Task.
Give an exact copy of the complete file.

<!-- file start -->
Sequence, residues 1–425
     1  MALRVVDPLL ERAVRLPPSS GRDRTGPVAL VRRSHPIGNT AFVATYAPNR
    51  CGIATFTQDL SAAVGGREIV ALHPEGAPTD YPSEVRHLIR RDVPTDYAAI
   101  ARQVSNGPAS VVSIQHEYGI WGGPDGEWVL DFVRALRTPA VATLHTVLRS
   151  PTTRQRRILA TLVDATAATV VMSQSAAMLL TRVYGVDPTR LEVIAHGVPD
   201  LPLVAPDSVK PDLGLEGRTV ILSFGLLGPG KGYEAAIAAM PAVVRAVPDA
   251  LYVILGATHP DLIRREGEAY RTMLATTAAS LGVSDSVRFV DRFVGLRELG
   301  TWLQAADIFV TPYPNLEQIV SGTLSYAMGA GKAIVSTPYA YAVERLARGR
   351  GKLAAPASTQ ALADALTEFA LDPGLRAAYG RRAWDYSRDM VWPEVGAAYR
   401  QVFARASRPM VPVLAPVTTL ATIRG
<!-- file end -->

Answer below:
Sequence, residues 1–425
     1  MALRVVDPLL ERAVRLPPSS GRDRTGPVAL VRRSHPIGNT AFVATYAPNR
    51  CGIATFTQDL SAAVGGREIV ALHPEGAPTD YPSEVRHLIR RDVPTDYAAI
   101  ARQVSNGPAS VVSIQHEYGI WGGPDGEWVL DFVRALRTPA VATLHTVLRS
   151  PTTRQRRILA TLVDATAATV VMSQSAAMLL TRVYGVDPTR LEVIAHGVPD
   201  LPLVAPDSVK PDLGLEGRTV ILSFGLLGPG KGYEAAIAAM PAVVRAVPDA
   251  LYVILGATHP DLIRREGEAY RTMLATTAAS LGVSDSVRFV DRFVGLRELG
   301  TWLQAADIFV TPYPNLEQIV SGTLSYAMGA GKAIVSTPYA YAVERLARGR
   351  GKLAAPASTQ ALADALTEFA LDPGLRAAYG RRAWDYSRDM VWPEVGAAYR
   401  QVFARASRPM VPVLAPVTTL ATIRG